Wednesday, September 01, 2010

To Spin or not to Spin

There's been some debate in the past as to whether there is any merit in bowling without any spin if you're struggling with your bowling. The concensus does seem to favour the opposing view that if you're a spinner, first and foremost the thing you must do is spin the ball and spin it hard. This theory is supported by Peter Philpott in his book 'The Art of Wrist Spin Bowling'. But, what if you came to spinning at such an early stage in your bowling development that you hadn't really honed any basic skills in bowling?

Is there not some merit in stepping back from months and months of frustration where perhaps you feel you're not going forward with your bowling and just having a good look at your basics? At one point I'd have argued that there was some value in this process and some time spent just assessing whether you could bowl in a straight line and hit the stumps might be a good idea? I then had a change of mind a while back whilst making some in-roads into bowling the Big Leg Break. My thoughts a few months back were that the Big Leg Break was so fundamentally important that no time should be spent tinkering with anything else and that you should focus entirely on Leg Breaks and the Big Leg Break.

I think I've softened on that viewpoint again and now might advocate that a basic sound bowling technique may be the pre-requisite to moving forward and learning wrist spin? The basis of this new opinion is that watching my younger son develop in his bowling he has gone through 3 distinct phases to date.

Phase 1: Initially with very little effort and no real technique with regards his explosion through the crease and follow through, he like many small boys could produce a leg break. This Leg Break because of the very slow and loopy flight and a degree of accuracy got him wickets.

Phase 2: Once he came up against boys that could bat a bit and was tonked around the park a bit, seam up bowling suddenly looked like a better solution and he went over to the darkside. During his 2 years in the seam up wilderness, because of his size and the fact that he is 2.5 years younger than his older seam up bowling brother he always compared himself to his older sibling. So for the 2 years he tried to bowl as fast as his brother, which was (In the short term) always going to be a battle that was going to be lost. But what did seem to happen was that he explored the Malinga round arm action and just trying to bowl much faster than he'd ever done. On his own with very little input from me he seemed to learn that varying the flight, length and speed worked if it coincided with accuracy.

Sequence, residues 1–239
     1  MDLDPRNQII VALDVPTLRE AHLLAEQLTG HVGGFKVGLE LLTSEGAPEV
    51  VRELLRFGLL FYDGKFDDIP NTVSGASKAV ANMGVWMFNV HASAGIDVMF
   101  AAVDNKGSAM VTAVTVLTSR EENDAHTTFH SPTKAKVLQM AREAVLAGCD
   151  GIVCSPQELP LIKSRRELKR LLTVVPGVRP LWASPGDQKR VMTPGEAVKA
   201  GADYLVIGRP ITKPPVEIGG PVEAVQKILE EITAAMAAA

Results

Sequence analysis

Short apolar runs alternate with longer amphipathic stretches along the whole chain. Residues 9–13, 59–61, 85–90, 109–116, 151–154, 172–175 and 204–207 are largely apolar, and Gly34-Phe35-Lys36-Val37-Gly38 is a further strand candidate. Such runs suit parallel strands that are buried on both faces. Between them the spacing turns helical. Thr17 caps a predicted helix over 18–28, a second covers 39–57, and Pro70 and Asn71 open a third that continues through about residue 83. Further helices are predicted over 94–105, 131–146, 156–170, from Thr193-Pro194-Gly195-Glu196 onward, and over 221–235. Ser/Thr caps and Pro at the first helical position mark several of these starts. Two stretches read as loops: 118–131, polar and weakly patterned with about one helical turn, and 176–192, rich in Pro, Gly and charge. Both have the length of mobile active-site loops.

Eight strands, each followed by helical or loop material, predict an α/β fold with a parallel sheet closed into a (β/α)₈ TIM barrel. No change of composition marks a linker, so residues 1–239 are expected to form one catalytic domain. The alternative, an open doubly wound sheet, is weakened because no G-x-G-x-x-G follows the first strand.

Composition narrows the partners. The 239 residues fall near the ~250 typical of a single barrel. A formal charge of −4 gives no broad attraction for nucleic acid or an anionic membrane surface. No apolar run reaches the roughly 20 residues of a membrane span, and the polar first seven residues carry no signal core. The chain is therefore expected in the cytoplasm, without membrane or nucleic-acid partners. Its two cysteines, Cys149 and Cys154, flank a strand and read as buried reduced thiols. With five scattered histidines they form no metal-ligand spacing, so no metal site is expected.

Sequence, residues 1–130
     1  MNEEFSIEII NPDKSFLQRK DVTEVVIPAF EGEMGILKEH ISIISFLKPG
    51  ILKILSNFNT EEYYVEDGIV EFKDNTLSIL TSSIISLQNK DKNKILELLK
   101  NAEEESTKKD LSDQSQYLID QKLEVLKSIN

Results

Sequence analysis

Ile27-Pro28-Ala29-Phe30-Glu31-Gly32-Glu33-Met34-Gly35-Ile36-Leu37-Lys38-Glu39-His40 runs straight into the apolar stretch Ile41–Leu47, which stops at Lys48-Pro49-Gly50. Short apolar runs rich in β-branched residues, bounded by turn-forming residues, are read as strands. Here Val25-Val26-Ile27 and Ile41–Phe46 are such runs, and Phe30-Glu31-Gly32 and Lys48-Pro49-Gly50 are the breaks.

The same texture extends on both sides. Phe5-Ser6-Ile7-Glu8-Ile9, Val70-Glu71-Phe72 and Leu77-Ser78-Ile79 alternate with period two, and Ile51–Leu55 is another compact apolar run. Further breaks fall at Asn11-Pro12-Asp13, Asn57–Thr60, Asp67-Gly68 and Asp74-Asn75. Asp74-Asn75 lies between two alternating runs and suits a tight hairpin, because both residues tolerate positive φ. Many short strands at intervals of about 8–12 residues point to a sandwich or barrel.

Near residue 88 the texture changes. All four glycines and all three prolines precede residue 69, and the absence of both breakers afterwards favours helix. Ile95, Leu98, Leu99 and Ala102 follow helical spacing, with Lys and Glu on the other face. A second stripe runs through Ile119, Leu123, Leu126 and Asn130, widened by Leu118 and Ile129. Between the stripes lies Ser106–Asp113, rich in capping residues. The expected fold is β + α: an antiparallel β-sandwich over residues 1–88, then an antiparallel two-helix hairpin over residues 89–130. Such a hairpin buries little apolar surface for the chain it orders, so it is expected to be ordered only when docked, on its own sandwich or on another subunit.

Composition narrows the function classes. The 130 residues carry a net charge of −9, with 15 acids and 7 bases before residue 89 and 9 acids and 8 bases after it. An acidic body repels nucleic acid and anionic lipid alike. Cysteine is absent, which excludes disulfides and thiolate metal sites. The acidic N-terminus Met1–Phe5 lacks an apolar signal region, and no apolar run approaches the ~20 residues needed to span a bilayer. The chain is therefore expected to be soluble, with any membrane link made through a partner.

During the phase 2 period, his whole bowling action improved along with physically growing. His bowling action by the start of this summer looked more like that of a spinner with a slow walk-in buidling up to the explosion through the crease, with a spinners follow through.

Phase 3: That's kind of happened in the last 2-3 months or so. Around June he started to bowl Wrong Uns that turned quite a bit and asking questions about them. "So it's just by turning my wrist and bowling out of the back of my hand that I bowl a Googly"? This was then followed up with questions about the Leg Break once I'd said "You don't really want to be bowling Googlies, otherwise you'll end up with the Googly Syndrome". I simply explained that he needed to be bowling out of the front of the hand with a flick of the wrist having the ball come off the 3rd finger.

Then last week we were mucking about outside the house and he bowled a series of lovely Leg-Breaks and when asked about it he said "I'm just flicking my wrist when I release the ball".

In conclusion: It strikes me that he made enormous progress whilst bowling straight not trying to get the ball to turn. During that Phase 2 the very fundamental elements of bowling were laid down allowing him to then recently add the flicking of the wrist either way to bowl the Leg-Break and the Wrong Un?